The argument about who owns social media corporate-wide is ongoing. Usually the debate about “ownership” is between PR and marketing, and it gets tiresome.
I believe that practitioners are often so self-absorbed and so accustomed to operating in silos that they have trouble stepping back and taking the long view.
The reality is that no one department within an organization owns social. Or at least that’s the way I think it should be. Social should permeate the entire organization and be a part of the culture, no matter the size of the business. Social is reality. Your customers are there, your prospects are there, your competitors are there, your employees are there, your future employees are there, your kids are there, your parents are there, your grandmother is there.
I read the PR Daily story on this topic (“6 reasons PR pros should manage social media“) from a well-intentioned PR professional laying out all the reasons that public relations should “own” social. It was further evidence that she, like so many others, isn’t seeing the forest for the trees.
What this PR professional is really demonstrating is her tunnel vision. She’s looking at the equation and how social impacts a business from her standpoint, instead of from the larger standpoint of the business as a whole. It happens all the time. It’s kind of like businesses that focus their messaging on what they want and need instead of what their customers and prospects want and need. And that’s not the route to success. Pretty much ever.
But contrary to what many think, including the author of that piece, social isn’t just about being an experienced storyteller, excellent communicator, relationship builder focused on relevancy, etc. (The last time I checked, marketers were adept at these things, too.) It’s about more, so very much more. It’s about comprehensive social intelligence, not just social media. It’s about the business as a whole understanding how social affects every department within an organization and maximizing that for the benefit of the company.
Think I’m crazy?
Social intelligence enables customer service teams to listen to what customers are saying, solve their problems, and be attuned to their needs in a way that prepares them to spot developing trends that can affect product development and future strategic focus.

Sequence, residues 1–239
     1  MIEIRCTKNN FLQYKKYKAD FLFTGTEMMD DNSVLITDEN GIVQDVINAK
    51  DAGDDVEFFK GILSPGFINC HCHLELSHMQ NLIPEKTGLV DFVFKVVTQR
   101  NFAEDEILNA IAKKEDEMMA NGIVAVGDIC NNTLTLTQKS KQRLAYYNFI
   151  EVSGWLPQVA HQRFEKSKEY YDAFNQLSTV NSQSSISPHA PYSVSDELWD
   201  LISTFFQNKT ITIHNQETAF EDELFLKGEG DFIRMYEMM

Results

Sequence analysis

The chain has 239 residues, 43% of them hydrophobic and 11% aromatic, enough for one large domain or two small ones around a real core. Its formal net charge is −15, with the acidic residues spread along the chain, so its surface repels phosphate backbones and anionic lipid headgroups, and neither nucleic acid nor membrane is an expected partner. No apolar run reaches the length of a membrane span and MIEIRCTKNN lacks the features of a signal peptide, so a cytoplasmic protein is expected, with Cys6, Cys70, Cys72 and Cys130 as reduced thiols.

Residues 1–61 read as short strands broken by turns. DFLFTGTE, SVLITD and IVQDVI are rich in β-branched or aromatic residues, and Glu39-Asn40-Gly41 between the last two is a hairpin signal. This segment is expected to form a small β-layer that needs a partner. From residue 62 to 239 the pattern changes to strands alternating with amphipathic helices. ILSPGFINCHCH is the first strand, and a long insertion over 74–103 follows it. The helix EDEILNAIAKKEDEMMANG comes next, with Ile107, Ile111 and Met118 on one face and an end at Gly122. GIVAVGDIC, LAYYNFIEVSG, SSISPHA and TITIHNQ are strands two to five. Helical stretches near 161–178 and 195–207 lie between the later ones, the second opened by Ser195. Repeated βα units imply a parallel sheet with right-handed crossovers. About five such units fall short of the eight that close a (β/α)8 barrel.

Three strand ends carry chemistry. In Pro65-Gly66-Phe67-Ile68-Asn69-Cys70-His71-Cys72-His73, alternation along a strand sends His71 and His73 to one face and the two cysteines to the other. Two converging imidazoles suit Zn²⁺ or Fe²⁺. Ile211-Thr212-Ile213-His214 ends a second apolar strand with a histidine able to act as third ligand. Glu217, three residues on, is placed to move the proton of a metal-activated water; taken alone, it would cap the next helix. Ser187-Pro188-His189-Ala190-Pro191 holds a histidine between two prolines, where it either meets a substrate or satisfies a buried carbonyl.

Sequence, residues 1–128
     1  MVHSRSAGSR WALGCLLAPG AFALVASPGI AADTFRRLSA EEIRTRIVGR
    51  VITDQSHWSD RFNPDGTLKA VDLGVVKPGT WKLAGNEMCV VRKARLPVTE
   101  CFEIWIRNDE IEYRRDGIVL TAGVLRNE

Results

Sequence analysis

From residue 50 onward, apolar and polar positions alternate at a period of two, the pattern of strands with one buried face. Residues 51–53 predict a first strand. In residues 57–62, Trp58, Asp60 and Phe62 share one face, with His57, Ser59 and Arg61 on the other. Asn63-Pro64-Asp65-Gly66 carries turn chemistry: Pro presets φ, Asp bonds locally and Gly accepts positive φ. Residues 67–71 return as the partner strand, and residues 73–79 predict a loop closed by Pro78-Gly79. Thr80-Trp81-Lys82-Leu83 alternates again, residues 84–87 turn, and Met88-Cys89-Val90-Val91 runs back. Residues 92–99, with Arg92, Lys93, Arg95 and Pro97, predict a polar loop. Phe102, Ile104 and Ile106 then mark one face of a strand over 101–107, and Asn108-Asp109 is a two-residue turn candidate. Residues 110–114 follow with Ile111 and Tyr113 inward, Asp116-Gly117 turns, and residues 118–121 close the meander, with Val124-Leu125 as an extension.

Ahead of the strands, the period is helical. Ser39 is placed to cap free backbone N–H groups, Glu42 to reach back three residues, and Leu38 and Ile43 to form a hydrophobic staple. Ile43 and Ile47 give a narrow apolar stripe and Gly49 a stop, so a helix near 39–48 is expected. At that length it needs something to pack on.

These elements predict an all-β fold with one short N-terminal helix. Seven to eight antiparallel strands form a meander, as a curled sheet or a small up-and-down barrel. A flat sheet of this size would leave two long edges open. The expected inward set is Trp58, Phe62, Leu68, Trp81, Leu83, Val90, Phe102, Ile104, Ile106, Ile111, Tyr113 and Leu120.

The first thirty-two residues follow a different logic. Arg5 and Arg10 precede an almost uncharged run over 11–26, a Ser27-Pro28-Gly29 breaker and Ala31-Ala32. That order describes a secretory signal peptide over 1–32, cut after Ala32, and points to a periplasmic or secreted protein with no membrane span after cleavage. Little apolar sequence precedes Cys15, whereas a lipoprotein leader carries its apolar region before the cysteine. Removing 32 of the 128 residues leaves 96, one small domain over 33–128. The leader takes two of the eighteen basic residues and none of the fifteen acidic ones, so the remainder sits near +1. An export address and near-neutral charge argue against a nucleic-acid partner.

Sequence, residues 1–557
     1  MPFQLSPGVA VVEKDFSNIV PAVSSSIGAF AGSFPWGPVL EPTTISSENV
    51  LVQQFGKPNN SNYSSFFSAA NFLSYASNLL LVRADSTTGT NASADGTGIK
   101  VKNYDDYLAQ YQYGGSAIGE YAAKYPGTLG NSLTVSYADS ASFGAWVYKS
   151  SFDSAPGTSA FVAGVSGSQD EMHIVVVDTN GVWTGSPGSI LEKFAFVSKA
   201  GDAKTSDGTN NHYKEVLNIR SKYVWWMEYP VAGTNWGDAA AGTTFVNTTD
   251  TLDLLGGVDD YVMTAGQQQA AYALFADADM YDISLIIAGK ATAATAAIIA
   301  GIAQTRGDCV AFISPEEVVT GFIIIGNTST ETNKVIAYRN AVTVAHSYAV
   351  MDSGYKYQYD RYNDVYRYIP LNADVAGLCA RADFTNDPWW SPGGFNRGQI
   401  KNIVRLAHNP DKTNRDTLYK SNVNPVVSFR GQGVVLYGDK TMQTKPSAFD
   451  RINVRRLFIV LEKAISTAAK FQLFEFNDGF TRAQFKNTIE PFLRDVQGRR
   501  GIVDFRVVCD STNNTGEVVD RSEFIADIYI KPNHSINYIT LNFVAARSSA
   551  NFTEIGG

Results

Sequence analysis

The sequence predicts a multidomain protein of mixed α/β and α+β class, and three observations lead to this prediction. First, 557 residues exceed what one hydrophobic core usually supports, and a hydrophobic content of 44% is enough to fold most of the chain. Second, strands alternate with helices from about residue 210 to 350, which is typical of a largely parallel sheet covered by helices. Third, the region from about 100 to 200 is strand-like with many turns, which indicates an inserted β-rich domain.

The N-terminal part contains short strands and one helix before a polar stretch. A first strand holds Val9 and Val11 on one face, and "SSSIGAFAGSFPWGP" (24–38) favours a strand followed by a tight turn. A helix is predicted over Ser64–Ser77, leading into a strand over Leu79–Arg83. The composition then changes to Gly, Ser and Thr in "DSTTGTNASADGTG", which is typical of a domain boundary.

Social intelligence enables marketers to develop campaigns based on consumer feedback, monitor performance after launch, and tweak as needed to gain maximum benefit from each and every advertising campaign.
Social enables demand generation teams to focus their efforts more effectively on lead management and scoring.
Social enables content strategy teams to develop content that’s in line with information that customers and prospects want and need, and which might help them make a purchase decision, or 20, along the way.
Researchers and data analysts routinely use social to measure myriad things, including brand awareness, sentiment, trend spotting, potential crisis identification, and more.
Social intelligence and data enables business strategists and operations teams to drive strategy, as well as to watch competitors and monitor their performance and adapt their own strategies accordingly.
Social intelligence enables human resource teams to identify and recruit the very best and brightest talent to their organizations and enables them to keep their employees happy and satisfied.
So really, PR? You think you need to own this stuff? I love you and your discipline, but anyone who is short-sighted enough to think that any one department within an organization, of any size, “owns” social, especially for the reasons articulated in the article that inspired this post, well, you’re just not thinking this through. And the same is true of marketers who think they need to own social.
Social is about so very much more than most people think, and it truly affects every department within an organization. And as mentioned above, that includes research and development, product teams, business and growth strategists, customer service and customer relations, sales teams and marketing departments, human resources teams and, of course, public relations.
While writing this story I stumbled across an eConsultancy piece that quoted my friend Brian Solis, who sums things up succinctly: “The customer doesn’t care who owns social.” And we marketers and PR pros, and everyone else with their fingers in the social pie, would do well to keep that top of mind.
Moving forward let’s try and think about this differently. Instead of any one entity within an organization endeavoring to own social, let’s focus on the integration of social throughout the enterprise, using data gleaned from social in the most beneficial ways, using social to anticipate problems and solve issues that our customers have in as close to real time as possible and, of course, training people throughout the organization to see beyond the basics of social media and understand the full impact of a connected consumer and a connected world on the business in general. To my way of thinking, that’s the route to success. What about you? What do you think?